According to Zentall, an activity that uses a sense other than that required for the primary task — listening to music while reading a social studies textbook — can enhance performance in children with ADHD. Doing two things at once, she found, focuses the brain on the primary task.
Know that it is OK to do two things at once: carry on a conversation and knit, or take a shower and do your best thinking, or jog and plan a business meeting. Often people with ADD need to be doing several things at once in order to get anything done at all.
No one can deny the popularity of the Farmer John pork-laden Dodger Dog, or its all-beef, but still non-kosher, alternative. A report from the National Hot Dog & Sausage Council, a project of the American Meat Institute, which provides data, research and recipes to food manufacturers and reporters, states that the Dodger Dog was the No. 1 best-selling Major League Baseball ballpark hot dog in 2011, and it is expected to be the fourth-highest-selling this year.
Now, if it is true that individuals develop a sense of connection to and concern for a larger collectivity in the ways that I’ve described – through the practices of story, language, and love – then we should notice that peoplehood education does not conflict with other substantive, content-rich Jewish educational efforts but rather comfortably co-exists with them.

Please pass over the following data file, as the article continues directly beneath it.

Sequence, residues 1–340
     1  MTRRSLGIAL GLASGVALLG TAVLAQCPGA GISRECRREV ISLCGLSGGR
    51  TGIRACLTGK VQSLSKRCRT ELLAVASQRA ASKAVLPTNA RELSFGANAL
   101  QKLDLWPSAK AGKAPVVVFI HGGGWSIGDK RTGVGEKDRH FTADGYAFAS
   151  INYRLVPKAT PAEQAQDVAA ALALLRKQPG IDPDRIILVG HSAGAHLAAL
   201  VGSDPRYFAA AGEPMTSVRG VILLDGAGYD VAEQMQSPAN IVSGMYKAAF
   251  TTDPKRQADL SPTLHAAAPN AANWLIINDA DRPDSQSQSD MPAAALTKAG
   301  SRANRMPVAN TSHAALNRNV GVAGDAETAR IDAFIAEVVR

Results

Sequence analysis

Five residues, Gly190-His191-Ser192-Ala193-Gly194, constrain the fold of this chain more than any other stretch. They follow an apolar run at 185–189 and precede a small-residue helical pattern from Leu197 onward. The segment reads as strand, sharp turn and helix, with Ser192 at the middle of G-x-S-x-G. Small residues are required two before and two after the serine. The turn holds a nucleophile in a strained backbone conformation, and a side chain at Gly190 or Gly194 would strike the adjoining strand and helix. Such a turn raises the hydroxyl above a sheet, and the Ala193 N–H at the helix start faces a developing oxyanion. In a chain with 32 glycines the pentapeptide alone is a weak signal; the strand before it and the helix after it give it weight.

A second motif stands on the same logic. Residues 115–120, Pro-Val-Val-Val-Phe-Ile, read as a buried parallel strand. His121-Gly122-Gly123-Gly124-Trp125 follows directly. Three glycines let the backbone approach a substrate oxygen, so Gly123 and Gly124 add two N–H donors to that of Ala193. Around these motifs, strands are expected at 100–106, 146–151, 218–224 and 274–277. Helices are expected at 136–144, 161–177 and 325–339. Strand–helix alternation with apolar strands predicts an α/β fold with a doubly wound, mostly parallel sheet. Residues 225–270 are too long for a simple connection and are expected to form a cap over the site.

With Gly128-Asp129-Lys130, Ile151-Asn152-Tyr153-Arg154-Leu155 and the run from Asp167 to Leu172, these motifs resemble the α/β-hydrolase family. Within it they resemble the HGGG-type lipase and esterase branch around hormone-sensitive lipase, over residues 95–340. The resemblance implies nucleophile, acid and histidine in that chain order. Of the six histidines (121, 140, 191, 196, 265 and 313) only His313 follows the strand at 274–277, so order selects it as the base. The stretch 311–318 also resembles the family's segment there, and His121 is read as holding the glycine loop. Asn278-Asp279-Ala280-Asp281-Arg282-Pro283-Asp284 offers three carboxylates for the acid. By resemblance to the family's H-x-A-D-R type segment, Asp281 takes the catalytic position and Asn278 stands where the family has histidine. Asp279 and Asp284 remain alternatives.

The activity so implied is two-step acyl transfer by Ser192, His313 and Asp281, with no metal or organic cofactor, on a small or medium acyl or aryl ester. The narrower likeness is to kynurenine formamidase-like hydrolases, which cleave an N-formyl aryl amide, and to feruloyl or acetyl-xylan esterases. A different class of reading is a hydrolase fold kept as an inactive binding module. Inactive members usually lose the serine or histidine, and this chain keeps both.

Today, a new organization called B’nai Mitzvah Revolution announced itself to the world.
I’ve been privileged to serve as the webmaster/tech-guru on the project. Working with the team behind BMR — notably the co-directors and their colleagues at HUC-JIR/RHSOE/ECE and the URJ — has been an amazingly fulfilling and insightful experience. I’m thankful to Isa for giving me the opportunity.
Check the site out. I’m incredibly proud of it (though, truth be told, a lot of the conceptualization and tweaking came from the entire team).
Viva la revolution!
The tipping point is the sum total of many individuals buzzing about something. But for an individual to start buzzing, something has to change in that person’s mind. Something flips from boredom or ignorance to excitement or anger.
Brilliance from Seth Godin:
When I played clarinet in high school, I never practiced. I blamed it on my dog, who howled, but basically I was a lousy music student.
At my weekly lesson, though, the teacher would scold me, guessing that I’d only practiced three or four hours the week before. I was so good at sight reading that while I was truly mediocre at the clarinet, I was way better than anyone who had never practiced had any right to be.
We often test sight reading skills, particularly in job interviews. In that highly-charged encounter, we test the applicant’s ability to think on her feet. That’s a great idea if the job involves a lot of feet thinking, but otherwise, you’re inspecting for the wrong thing, aren’t you? Same with a first date. Marketing yourself to a new person often involves being charismatic, clever and quick—but most jobs and most relationships are about being consistent, persistent and brave, no?